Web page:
1. Tyler Danann
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    Tyler Danann Active Member

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    Apostrophe when describing Family Surname?

    Discussion in 'Word Mechanics' started by Tyler Danann, Apr 30, 2014.

    Although I'm usually good with knowing the ways of Apostrophes I am a bit stuck on this passage:

    His family fortune suffered great trials, yet his family rival the Dawson's rode clear of the wreckage.

    Should Dawson's have one or not???

    TY
     
  2. Thomas Kitchen
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    Thomas Kitchen Proofreader in the Making Contributor

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    No, it does not need an apostrophe, because it means a group of people. It's a little bit like saying "cows" or "cow's", and obviously the former is correct when describing a group of them.
     
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  3. GingerCoffee
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    GingerCoffee Web Surfer Girl Contributor

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    There's no possession or contraction in Dawsons, just plural, so no apostrophe. If it was the Dawsons' fortune, and you meant more than one Dawson, the apostrophe would go after the s. If it were one Dawson and the surname didn't end in an s, it would go before the s.

    I frequently find myself unconsciously adding the apostrophe when it should just be plural and I have to correct the typo in editing. Perhaps you've seen other instances of similar typos?
     
  4. Tyler Danann
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    Tyler Danann Active Member

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    Interesting, I thought the only time you used the plural apostrophe was when there was a plural word following it like:

    The soldiers' rifles

    or

    The twelve dragons' fury
    etc.

    ???

    I think I need to check my proof again!
     
  5. GingerCoffee
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    GingerCoffee Web Surfer Girl Contributor

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    Mr Jones' kids were out of control.
    Ms Smith's kids were well behaved.
     
  6. mammamaia
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    mammamaia nit-picker-in-chief Contributor

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    in the example given, the 'fortune' belongs to the the 'Dawsons
    the word following the possessive doesn't always have to be a plural... in the example shown above, the 'fortune' [a collective noun] is owned by the 'Dawsons' [as a group], thus is correct as shown...

    in your own examples the second one is singular [fury], though referring to more than one dragon... so you've disproved your own 'only time' assumption...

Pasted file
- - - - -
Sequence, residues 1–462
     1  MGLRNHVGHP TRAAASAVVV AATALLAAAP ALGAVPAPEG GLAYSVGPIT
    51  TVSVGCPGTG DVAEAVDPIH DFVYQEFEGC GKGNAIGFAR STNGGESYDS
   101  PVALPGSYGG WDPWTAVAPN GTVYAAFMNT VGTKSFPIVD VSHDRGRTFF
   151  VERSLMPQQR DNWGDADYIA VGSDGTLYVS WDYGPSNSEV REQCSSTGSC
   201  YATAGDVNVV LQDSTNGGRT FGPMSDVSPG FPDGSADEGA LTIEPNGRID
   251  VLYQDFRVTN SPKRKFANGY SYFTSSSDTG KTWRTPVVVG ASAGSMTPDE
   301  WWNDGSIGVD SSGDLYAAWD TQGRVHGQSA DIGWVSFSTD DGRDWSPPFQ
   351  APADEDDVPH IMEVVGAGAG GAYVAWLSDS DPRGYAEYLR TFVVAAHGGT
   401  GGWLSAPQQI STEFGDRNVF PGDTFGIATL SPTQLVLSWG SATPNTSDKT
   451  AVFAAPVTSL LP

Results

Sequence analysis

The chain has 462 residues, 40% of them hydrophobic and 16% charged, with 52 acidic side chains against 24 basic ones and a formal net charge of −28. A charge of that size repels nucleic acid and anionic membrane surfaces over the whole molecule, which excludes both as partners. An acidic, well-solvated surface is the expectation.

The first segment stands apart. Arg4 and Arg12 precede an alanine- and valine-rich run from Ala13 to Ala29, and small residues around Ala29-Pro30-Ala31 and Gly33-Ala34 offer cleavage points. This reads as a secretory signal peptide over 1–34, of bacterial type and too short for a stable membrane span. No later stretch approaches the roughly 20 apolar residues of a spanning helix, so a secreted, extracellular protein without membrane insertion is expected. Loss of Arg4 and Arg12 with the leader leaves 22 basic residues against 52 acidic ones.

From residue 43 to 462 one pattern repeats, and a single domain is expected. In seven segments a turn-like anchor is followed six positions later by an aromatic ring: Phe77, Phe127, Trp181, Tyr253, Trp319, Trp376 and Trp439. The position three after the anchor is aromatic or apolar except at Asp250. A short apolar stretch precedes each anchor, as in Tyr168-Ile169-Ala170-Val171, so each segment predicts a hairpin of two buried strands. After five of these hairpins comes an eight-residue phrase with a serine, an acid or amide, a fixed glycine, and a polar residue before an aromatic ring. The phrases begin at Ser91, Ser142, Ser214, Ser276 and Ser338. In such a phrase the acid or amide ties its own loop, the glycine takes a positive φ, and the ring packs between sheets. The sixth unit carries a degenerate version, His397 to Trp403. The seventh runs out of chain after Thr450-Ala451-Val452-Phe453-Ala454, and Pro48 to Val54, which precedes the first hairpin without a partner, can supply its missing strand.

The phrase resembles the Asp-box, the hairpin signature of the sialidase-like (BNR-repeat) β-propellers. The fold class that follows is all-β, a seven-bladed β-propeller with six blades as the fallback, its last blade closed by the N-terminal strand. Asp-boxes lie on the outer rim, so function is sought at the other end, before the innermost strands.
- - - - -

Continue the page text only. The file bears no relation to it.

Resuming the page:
7. Tyler Danann
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    Tyler Danann Active Member

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    Was my 'only time' assumption correct then?
     
  8. GingerCoffee
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    GingerCoffee Web Surfer Girl Contributor

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    No. Singular words that end in an s take the apostrophe after the s not before it.

    But just when it seemed so simple my brain said 'Joneses' and it sounded correct.

    http://grammaticarum.blogspot.com/2011/04/whats-plural-of-jones.html

    o_O
     
  9. mammamaia
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    mammamaia nit-picker-in-chief Contributor

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    no, it wasn't... see an example of a singular noun following a plural possessive:

    the soldiers' mission was to penetrate enemy lines
     
  10. Tyler Danann
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    Tyler Danann Active Member

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    Are both of them correct!?
     
  11. mammamaia
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    mammamaia nit-picker-in-chief Contributor

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    yup!
     
  12. Tyler Danann
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    Tyler Danann Active Member

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    It's just Mr Jones' kids should have the ' before the s as the Mr Jones part is not plural unless it was written as the Jones' children say.
     
  13. mammamaia
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    mammamaia nit-picker-in-chief Contributor

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    no, the apostrophe has to come after the 's' in either sentence, because 's' is part of the name...

    if you did what you say, you'd be changing his name to 'Mr. Jone'... this is about possession, not plurality...
     
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